P L A Y O F F P U S H
The postseason countdown is on and teams are jockeying for position as we make our way to the final turn.
With only 30 games left in the 2013 season, there's little time left for error for the bubble teams. And this year, our first with the expansion to a 12 team league, the bottom 4 teams will miss out on the September Classic.
Starting next week, the league will be counting down the magic numbers of the playoff teams as the race for the finish line draws close.
THE REST OF THE STORY
J.J. fell in love with the game at an early age. He wanted to be the next Mickey Mantle. Growing up in the ‘60s in Ohio, J.J. got to see many baseball games with the some of the greats in action: Mantle, Koufax, Gibson and many others. He wondered if “J.J.”, as his friends would call him, would ever become a world famous name like the others who came before him. It wasn’t until the 10th grade in high school when he realized his dream of being a professional baseball player would never be. He had a condition in his knees that prevented him from being able to run and so his chances of making it to the Majors was shot down faster than a line drive single.
So he decided to do the next best thing and become an umpire.
As his parents recalled, “He just wanted to be a part of the game; to be in it, on the field, down there in the action.” So many like him have had that burning desire before and for J.J., he was determined not to let his knee condition stop him from getting there.
At 27 years old, he became the 2nd youngest umpire in the history of the Big Leagues and only two months into his tenure ship he was quickly mired in controversy as the home plate umpire in the Pine Tar game on July 24, 1983.
Years of successful umpiring followed until 2010 when something unique happened.
On May 9, Dallas Braden threw a perfect game for the Oakland Athletics, the 19th in the history of the game. J.J. was behind the plate for the rare feat.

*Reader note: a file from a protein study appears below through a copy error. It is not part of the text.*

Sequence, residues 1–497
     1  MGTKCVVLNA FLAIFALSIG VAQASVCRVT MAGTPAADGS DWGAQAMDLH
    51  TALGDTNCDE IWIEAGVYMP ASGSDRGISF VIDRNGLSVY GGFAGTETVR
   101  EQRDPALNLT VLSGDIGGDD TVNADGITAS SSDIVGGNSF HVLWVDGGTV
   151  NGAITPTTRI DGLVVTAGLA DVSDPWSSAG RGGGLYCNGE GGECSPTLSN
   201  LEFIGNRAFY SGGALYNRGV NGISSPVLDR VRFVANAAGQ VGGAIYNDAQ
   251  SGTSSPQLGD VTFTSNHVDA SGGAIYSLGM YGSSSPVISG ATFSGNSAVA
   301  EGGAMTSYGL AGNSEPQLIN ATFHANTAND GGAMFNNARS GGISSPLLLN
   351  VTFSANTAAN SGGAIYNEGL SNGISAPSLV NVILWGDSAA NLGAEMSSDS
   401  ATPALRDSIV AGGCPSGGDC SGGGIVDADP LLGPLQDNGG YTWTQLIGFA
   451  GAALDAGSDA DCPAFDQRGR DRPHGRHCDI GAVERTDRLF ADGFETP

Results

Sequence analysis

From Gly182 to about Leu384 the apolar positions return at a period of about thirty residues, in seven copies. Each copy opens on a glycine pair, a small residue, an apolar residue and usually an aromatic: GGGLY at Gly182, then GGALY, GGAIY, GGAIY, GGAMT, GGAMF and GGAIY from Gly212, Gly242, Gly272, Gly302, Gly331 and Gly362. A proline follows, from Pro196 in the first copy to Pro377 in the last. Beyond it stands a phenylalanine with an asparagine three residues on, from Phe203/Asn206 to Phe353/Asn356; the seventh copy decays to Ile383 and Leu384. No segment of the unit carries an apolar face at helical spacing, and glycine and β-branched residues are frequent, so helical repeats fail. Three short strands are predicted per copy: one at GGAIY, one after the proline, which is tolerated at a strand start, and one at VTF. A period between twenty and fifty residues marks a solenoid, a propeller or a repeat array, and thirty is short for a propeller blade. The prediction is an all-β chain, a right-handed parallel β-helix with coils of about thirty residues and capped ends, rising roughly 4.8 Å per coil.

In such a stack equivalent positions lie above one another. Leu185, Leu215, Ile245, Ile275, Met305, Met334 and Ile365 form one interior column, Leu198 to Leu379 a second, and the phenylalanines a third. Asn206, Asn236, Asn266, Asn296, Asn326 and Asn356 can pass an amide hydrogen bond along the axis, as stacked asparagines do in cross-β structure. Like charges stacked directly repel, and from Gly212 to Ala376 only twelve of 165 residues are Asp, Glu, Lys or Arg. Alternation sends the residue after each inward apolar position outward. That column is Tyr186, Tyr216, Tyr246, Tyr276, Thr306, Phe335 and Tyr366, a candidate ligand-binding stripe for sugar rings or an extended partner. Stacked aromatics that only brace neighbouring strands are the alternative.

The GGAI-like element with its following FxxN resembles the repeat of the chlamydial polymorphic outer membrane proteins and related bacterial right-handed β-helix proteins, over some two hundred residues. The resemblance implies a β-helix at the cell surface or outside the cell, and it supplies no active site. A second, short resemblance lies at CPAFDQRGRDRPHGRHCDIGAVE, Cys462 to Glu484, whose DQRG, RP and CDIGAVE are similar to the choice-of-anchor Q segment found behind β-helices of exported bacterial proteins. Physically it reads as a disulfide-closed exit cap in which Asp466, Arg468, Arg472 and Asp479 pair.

Not one month later in the bowels of Detroit’s Comerica Park, J.J. found himself in the spot light the way he did almost 30 years earlier with George Brett. This time J.J. was the first base umpire and he made the biggest call of his career when Armando Galarraga, the pitcher who was on the cusp of history, covered the bag on an infield hit. Miguel Cabrera fielded the ball, threw to first and made the out, for a perfect game-- which was immediately called a hit by J.J. and wiped away what would have been the 3rd perfect game in 24 days. The call, everyone agreed, including J.J., was incorrect and yet the hit stood and Galarraga would not be included on the short list of perfectos.
In the days following the missed call, J.J. and Galarraga became friends as J.J.’s remorse pulled on the heartstrings of America, and especially the pitcher himself.
Of course you know him as Jim Joyce, the famous umpire on that fateful day. He may have become a household name, as he dreamed of as a child, but certainly not in the way he was expecting.
And now, you know... the rest of the story.
This story is fact-based fiction. Much of the information contained here is true while some is literary license.
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